Hurricanes are heat engines, Harold Tobin, a professor of geoscience, explained Tuesday to his new University of Wisconsin–Madison class on natural hazards.
Meanwhile, the tattered remains of Hurricane Irma, having left an epic track of devastation across more than 1,000 miles, churned through Northern Florida and into Georgia, as Houston continued bailing out from Hurricane Harvey’s biblical flood.
To the east, Hurricane Jose looked set for a quick turn to the north.
With the human misery caused by the twin hurricanes all over the headlines, Tobin wanted to explain the backdrop – the whys and wherefores of cyclones – to a capacity crowd of 75 undergraduate students.
In a session blending physics and earth science, Tobin explained the source of Irma’s energy, the role of atmospheric pressure and how the storm track affects the intensity of the deadly storm surge. He touched on why tropical cyclones — as hurricanes and typhoons are known in the trade—occur in bands north and south of the equator, but not within five degrees of the equator itself.
When Tobin was planning the course last spring, he figured that natural disasters, including earthquakes, tsunamis, volcanoes and tornadoes, take place essentially all the time, but he could not know that hurricanes and wildfires would own the news cycle, and that even before September was half over, that Mexico would see its largest earthquake in a century.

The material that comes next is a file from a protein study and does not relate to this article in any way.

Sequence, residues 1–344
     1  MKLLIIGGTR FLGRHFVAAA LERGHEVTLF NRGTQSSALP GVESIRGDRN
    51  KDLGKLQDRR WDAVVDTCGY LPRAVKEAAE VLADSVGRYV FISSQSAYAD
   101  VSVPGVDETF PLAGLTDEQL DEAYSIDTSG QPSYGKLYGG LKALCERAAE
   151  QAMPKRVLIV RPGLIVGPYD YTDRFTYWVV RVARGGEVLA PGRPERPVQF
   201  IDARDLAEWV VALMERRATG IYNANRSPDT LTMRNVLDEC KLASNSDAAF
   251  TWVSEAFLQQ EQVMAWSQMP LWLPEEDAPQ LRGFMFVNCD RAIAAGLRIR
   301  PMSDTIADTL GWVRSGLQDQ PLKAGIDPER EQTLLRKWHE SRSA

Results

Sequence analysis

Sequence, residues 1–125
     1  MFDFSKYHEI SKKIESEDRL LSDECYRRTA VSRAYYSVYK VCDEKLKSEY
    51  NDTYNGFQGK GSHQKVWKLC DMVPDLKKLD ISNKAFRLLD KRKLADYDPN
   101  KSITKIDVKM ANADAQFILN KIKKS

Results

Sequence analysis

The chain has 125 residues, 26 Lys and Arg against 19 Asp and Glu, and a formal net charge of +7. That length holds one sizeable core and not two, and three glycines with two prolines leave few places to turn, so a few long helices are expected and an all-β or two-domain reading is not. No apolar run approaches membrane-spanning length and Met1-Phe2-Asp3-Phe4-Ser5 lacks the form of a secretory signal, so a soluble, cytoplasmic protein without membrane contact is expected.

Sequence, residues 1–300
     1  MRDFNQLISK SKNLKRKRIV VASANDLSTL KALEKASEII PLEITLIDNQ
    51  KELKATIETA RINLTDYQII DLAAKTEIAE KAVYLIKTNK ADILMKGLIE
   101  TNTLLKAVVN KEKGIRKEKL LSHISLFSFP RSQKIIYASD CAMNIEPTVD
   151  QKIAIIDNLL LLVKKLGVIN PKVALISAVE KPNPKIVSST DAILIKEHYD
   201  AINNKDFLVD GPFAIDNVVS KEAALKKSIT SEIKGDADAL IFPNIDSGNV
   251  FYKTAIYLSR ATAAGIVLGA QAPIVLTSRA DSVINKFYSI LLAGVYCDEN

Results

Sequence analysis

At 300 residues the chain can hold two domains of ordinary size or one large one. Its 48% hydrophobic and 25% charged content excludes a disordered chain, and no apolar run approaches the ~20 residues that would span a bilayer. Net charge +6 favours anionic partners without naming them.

“I’ve wanted to teach this for a long time,” he says, and students responded. “We listed it in the course guide, and without any advertising at all, it filled up in two days.”
Geoscience 140, Natural Hazards and Disasters, uses current events to teach the science behind the news, but it also examines how government policies and human choices affect risk. “Something can have big destructive potential — like Irma — but risk is determined by what’s in the way,” Tobin says. “If a monster hurricane strikes a sparsely populated region, it’s unlikely to cause major harm, but if it hits Houston, Miami or New Orleans, it’s a different story.”
In a similar vein, the risk of wildfires is intensified by accelerated building in flammable habitat, particularly after a legacy of fire suppression has left an abundance of fuel.
Tobin will also cover landslides, other types of floods, and gradual natural disasters like droughts, disturbances in monsoon rains, and rising sea level. He will address difficult issues like designing a fair flood insurance program that will discourage building in vulnerable areas.
“Natural hazards – especially earthquakes and the tsunamis they cause — are enormously dangerous, but I stress that there are ways to reduce the risks,” Tobin says.
Stronger buildings reduce the death toll in earthquakes, and this year’s two hurricanes show the critical value of weather forecasting, he adds. “Hurricanes and storms cause the greatest loss of property annually, but thankfully not so much loss of life, because meteorologists are very good at forecasting them. In contrast, earthquakes and tsunamis have had by far the biggest death toll in recent years, because we still have no means of predicting when they will strike.”
Even though we call them “natural” disasters, “it’s not just chemistry, physics and earth science that are at play,” Tobin says. “It’s also a matter of the social decisions that we make every day, sometimes without understanding the ramifications.”
Story courtesy of University Communications.